Prospect Watch: Top five youngsters moved at MLB trade deadline

You may have heard that Major League Baseball’s trade deadline passed Tuesday night. (If not, you can use our handy trade tracker to catch up on all the moves from the past few weeks..) As such, this edition of Prospect Watch is, predictably, all about ranking and analyzing the top five youngsters who have been included in deals.

Keep in mind that these exercises are always more art than science and there were more than five interesting leads traded by the deadline. Now forward.

There’s a lot to love about Marte’s game. He’s a left infielder with well above average raw power who walks and has kept his strikeout rate in check despite playing against competitors who are several years older than him. The only big unknown facing Marte is his defensive position. He’s been terribly error-prone the past two seasons, and he might have to slip to third place. It won’t be very negative if he hits like he is able to hit.

Hassell, the eighth pick in the 2020 draft, has already achieved High-A success hitting .299/.379/.467 with 10 homers in 75 games. Scouts praised his hit tool and approach dating back to his prep days; alas, they also wondered when (and how much) he would tap into his raw pop and whether he would stay center stage. Those concerns remain in place, but it’s now up to Nationals to help find a good resolution.

3. Edwin ArroyoSS, Reds (Luis Castillo)

Arroyo has had his share of fans entering the 2021 draft thanks to a combination of his extreme youthfulness and defensive shortstop ability. It didn’t hurt that he showed enough positive traits at the plate for scouts to imagine him rising beyond utility player status. Still, Arroyo showed more offensive skill than his fiercest boosters might have expected hitting .316/.385/.514 in 87 games in the Cal League, where his average opponent was, oh, over three years old. his eldest. Arroyo is a few seasons away from major league relevance, but he’s something to keep in mind.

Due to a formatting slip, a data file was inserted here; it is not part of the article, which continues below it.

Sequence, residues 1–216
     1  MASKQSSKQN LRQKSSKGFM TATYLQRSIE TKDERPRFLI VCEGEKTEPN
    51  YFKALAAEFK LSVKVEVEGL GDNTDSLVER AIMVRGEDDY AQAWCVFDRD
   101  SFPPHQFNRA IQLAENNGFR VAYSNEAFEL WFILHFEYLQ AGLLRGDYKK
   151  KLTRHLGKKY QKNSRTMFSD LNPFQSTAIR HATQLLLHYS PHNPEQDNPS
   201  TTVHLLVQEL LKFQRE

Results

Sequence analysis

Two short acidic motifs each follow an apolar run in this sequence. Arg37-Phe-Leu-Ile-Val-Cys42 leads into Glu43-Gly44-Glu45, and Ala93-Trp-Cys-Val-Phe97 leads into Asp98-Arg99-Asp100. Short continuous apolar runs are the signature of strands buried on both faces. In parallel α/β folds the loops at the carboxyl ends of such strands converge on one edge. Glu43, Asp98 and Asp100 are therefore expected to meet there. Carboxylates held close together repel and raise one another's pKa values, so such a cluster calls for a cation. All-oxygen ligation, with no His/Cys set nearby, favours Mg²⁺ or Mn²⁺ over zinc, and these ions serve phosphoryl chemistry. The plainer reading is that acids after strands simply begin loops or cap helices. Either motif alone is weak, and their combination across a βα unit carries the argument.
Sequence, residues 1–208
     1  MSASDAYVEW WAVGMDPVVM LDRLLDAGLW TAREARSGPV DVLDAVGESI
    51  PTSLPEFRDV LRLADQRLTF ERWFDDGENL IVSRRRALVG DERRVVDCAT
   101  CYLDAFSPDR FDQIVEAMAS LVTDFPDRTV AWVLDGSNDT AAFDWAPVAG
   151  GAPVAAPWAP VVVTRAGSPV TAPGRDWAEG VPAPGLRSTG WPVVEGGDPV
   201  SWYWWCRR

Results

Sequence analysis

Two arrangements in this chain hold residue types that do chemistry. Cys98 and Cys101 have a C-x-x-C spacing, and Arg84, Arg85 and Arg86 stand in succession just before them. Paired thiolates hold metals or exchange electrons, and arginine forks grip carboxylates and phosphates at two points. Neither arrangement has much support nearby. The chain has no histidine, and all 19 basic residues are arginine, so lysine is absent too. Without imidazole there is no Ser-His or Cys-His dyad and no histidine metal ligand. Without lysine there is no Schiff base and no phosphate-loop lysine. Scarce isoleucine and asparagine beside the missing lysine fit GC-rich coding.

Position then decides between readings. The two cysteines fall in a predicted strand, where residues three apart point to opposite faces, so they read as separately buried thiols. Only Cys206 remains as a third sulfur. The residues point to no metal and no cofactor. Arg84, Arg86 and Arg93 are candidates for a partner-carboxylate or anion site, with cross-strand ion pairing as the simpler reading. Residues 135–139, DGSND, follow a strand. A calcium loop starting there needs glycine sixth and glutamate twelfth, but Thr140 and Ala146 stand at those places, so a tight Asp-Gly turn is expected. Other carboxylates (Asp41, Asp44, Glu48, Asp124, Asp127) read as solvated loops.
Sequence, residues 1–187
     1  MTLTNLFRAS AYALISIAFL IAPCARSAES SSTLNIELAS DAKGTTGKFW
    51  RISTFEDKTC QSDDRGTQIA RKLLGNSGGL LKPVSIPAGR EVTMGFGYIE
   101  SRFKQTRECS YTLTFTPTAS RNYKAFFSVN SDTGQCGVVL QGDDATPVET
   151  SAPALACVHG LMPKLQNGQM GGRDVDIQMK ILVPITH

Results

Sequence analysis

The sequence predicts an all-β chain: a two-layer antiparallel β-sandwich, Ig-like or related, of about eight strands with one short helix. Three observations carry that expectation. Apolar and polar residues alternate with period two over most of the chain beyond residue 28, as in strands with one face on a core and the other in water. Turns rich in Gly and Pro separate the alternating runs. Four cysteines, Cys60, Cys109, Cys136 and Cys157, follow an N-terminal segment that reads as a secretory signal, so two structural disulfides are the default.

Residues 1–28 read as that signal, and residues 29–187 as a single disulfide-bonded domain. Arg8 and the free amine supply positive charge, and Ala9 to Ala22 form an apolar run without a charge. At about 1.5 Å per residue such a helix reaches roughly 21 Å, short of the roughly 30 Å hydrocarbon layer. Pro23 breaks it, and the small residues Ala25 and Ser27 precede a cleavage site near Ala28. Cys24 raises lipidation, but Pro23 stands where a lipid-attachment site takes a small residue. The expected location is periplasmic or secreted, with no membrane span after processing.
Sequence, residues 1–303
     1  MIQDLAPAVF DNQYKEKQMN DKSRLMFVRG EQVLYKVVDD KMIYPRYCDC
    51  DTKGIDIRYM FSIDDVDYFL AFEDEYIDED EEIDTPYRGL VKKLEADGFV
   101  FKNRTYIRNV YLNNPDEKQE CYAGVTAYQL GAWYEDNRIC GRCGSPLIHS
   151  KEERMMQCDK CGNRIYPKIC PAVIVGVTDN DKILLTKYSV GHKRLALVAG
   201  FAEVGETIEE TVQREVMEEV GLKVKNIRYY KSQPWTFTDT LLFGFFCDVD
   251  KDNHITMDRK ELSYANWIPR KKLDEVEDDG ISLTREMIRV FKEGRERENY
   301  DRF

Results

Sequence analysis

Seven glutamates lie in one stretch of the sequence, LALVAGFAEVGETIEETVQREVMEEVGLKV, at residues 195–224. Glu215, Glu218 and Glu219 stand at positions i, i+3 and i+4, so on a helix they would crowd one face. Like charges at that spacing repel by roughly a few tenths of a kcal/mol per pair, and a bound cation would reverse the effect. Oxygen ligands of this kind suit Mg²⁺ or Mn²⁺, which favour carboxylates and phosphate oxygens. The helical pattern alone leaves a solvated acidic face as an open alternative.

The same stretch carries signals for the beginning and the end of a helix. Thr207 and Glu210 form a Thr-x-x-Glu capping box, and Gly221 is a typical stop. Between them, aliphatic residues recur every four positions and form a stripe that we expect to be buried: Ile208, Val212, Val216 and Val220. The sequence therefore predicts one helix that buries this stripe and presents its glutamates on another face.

4. James WoodOF, Nationals (Juan Soto)

Wood, the other outfielder in the Soto trade, has the kind of raw power you’d expect from someone listed at 6-foot-7. He moves better than the Richie Sexsons of the world, though, and the fathers had mostly played him in center field. The main concern with Wood’s play as an amateur was that he would scratch too often to maximize his pop. It is therefore an encouraging sign that he has managed to keep his seasonal withdrawal rate below 20%. Wood could become a mid-range hitter if that trend continues as he moves up the ranks.

If the Angels were determined to take a boost from Marsh, a former top prospect who struggled to make consistent contact at the majors, they could have done worse than fire O’Hoppe in return. He spent the season in Double-A, hitting .275/.392/.496 with 15 homers in 75 games. O’Hoppe is a well-balanced backstop, a general field type that could provide average or better offensive production. He looks set for Triple-A, and he should be able to make his league debut in 2023.

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